Reader reviews for The Sirens of Titan

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Absolutely spell-binding and thought-provoking.
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The novel presents a very entertaining tale that offers quirky and insightful angles into different aspects of human culture. Sirens of Titan might not be quite as sharp as some of Vonnegut's later work, but there's a lot to like here, and many surprising events for a novel that explains its basic plot structure right in the beginning. Each section of the book also has an unique atmosphere and style - starting from a bit chaotic and ending in contemplative, while exploring everything else in between. Considering that, the plot holds together remarkably well too, and is easy to follow.
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After reading this I wonder how influential it was on Dougla Adams...
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I originally read this as a two part story, published as being written by Kilgore Trout, in a monthly science fiction anthology. The name of the journal escapes me, but it may have been Isaac Asimov's Fantasy and Science Fiction. Sadly, I no longer have my copy.Vonnegut predates Rowling in creating literary references in their work, then supplying the missing books. A good read in it's own right, it also dovetails into Vonnegut's version of reality.
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My favourite Vonnegut book by far. I have a quote from this tattooed on me. I even prefer this to 'Cat's Cradle.'
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I couldn't quite get into this one. I read it soon after Mother Night, which I liked a great deal, but it seemed very inferior. The first quarter of the novel I found exceedingly dull. I thought it took twenty or thirty pages too long to get going. Thereafter things pick up and the Martian section is probably the best part of the book. Everything after that is decent but... lacking any real heart. Vonnegut's views and the points he puts across are good but there seemed, to me, too little invested in the characters to really draw me in.Mother Night by comparison moved at a much swifter pace and also made me care a bit more about the characters involved. It's not like Mother Night is War and Peace in terms of characterization but it just had that little bit extra that really pulled me in. Still, Vonnegut's humanity shines through in the end - "It took us that long to realise that a purpose of human life, no matter who is controlling it, is to love whoever is around to be loved.". It's just a shame that The Sirens of Titan makes good points whilst feeling sadly empty. As a result, I didn't enjoy it as much as I was hoping to.
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I only read this because someone recommended it to me. This was my first Vonnegut book, and, simply put, I didn't like it. That's what the 1-star rating says when I mouse over it, and so that's what I have rated it.

I'm not a big fan of sci-fi in general, but religious satire sci-fi? No thanks.

Do yourself a favor and read the last few lines of the book. Yeah, that's the end. A joke on a statement said in one of the first chapters.

Ha. Ha.

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The Sirens of Titan, Kurt Vonnegut’s second book, is one that I first read a long time ago, and have not re-read since, Like the majority of his work it tends to get labelled “science fiction”, a label he himself hated, arguing that the themes he was trying to talk about transcended the idea of genre. His books do tend to be wider-read than much SF, and deservedly so.Sirens is about Winston Niles Rumford, a rich eccentric in the 22nd century who – like Billy Pilgrim to come – becomes unstuck in time, existing as a wave in space-time who periodically appears in particular locations and dispenses knowledge gleaned from his time travel. Along the way he colonises another planet, engineers a suicidal interplanetary war, and establishes a new religion – the Church of God the Utterly Indifferent – all in the name of trying to make humanity better itself, cheerfully abusing and sacrificing the book’s principle protagonist, Malachi Constant, along the way. Ultimately though, Rumford’s manipulations prove futile in the face of a realisation of a greater, and yet more arbitrary, manipulation of the entire human race. (And even knowing that revelation in advance, it still made me laugh when it turned up – it’s clear to see why Douglas Adams cited Vonnegut as a major influence when he came to write The Hitch-Hiker’s Guide…)Vonnegut looks at religion, love, fate, beauty, and the great questions of why we’re here, and what our purpose in life is. On one level, the book’s conclusions are somewhat nihilistic, but even in the pointlessness that marks the book’s ending Vonnegut is alluding to something quintessentially more human with the potential to become something more. Malachi’s final moments have a bittersweet quality of redemption to them that suits the tone of the entire book. Beauty is where we find it and what we make of it. For a book written so early in his career, it’s amazingly well-formed. Vonnegut’s position as one of America’s finest authors is well earned.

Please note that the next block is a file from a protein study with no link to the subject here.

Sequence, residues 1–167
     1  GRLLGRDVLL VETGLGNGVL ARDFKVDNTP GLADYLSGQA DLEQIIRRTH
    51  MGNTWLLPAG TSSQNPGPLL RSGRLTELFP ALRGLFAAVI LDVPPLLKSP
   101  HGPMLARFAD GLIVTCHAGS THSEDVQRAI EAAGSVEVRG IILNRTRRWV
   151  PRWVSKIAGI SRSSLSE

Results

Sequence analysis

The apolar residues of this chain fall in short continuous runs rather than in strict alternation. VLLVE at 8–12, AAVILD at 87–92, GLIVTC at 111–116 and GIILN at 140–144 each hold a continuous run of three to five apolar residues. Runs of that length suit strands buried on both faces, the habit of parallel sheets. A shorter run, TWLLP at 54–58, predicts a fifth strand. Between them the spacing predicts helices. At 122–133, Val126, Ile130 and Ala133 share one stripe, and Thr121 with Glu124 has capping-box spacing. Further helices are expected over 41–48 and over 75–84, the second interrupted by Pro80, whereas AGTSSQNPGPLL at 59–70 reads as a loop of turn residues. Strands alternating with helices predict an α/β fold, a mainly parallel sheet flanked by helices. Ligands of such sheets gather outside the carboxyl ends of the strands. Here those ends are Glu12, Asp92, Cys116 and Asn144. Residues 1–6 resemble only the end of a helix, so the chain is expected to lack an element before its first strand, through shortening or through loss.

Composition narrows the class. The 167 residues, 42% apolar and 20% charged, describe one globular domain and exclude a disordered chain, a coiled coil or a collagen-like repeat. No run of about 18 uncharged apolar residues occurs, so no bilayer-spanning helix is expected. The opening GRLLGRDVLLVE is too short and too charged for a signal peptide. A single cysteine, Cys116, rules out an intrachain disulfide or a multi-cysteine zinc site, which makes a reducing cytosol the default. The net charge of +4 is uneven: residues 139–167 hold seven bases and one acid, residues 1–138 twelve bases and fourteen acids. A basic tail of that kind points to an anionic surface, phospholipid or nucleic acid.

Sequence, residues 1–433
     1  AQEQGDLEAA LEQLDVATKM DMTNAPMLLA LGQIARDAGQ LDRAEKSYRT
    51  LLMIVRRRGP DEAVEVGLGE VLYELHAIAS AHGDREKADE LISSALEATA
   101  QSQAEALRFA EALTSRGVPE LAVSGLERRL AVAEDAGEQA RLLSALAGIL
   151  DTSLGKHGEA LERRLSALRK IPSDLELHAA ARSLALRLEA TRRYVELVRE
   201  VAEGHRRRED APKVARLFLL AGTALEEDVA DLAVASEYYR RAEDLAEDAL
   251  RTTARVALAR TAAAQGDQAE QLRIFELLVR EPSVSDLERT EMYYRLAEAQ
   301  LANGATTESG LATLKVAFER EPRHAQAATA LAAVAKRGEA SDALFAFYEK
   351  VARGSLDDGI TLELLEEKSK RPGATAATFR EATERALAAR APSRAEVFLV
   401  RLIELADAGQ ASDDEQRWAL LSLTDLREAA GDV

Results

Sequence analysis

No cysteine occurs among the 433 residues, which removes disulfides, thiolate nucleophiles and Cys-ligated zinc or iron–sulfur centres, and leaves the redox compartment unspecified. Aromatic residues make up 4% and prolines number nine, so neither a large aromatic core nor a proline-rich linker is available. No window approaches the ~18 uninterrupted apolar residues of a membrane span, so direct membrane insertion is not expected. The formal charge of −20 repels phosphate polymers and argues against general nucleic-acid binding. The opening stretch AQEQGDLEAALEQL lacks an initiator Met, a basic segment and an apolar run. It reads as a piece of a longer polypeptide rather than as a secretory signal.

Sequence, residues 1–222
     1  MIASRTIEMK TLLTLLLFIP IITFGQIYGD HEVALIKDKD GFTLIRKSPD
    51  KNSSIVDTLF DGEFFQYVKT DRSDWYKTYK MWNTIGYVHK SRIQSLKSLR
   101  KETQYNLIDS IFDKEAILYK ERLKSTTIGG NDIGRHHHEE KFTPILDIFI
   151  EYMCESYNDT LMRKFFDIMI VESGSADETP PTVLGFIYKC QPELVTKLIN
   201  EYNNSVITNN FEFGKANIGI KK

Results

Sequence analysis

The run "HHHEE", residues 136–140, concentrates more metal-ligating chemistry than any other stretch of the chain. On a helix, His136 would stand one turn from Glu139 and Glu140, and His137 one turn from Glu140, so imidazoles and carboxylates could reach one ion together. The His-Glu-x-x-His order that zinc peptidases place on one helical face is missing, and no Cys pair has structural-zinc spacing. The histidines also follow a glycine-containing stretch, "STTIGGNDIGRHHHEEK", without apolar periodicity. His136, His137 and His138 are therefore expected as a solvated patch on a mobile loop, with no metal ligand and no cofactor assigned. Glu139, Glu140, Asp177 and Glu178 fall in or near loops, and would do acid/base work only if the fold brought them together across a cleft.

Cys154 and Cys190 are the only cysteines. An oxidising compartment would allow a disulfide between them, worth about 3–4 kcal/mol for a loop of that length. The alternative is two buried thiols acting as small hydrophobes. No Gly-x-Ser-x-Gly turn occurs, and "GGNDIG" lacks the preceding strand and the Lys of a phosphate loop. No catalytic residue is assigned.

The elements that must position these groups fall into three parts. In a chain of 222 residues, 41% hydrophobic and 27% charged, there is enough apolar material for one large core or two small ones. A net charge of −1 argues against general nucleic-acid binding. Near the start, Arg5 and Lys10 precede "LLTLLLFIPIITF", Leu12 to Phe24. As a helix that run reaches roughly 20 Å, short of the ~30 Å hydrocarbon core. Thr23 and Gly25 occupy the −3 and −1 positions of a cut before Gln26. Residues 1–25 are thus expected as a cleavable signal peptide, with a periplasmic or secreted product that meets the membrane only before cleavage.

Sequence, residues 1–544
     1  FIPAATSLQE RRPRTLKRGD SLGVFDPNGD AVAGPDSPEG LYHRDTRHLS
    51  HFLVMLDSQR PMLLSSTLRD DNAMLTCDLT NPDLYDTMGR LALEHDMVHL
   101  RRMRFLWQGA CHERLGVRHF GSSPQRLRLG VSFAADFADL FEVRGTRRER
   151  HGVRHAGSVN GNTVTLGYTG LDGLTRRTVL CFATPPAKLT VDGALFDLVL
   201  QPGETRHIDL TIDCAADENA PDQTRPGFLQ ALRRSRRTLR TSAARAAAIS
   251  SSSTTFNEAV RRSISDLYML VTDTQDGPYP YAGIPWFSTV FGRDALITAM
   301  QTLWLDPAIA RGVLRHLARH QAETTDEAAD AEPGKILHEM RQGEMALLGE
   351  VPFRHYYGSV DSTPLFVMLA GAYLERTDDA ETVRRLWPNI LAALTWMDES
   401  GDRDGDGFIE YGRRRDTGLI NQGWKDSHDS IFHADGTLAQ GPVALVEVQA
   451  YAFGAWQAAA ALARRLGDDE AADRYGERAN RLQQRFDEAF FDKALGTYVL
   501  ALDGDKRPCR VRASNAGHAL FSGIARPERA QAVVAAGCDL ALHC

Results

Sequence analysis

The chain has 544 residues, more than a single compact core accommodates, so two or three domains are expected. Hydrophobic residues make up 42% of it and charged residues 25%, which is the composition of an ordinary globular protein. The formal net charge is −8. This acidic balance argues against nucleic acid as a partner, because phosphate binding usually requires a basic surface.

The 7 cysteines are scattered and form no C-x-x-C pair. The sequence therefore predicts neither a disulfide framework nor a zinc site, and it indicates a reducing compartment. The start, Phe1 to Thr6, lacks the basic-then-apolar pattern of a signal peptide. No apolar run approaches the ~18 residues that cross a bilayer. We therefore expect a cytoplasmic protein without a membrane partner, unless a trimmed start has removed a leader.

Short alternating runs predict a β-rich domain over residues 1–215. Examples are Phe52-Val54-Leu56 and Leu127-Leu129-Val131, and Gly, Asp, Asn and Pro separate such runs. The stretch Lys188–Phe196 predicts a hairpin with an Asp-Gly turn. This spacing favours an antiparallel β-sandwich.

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Another step in my Kurt Vonnegut odyssey. And another home run.Again, I could vaguely remember some characters and snippets of the plot. But nothing near enough to have any idea of what was going to happen on the next page.Very good read. And yet another Vonnegut take on an alternative religion.
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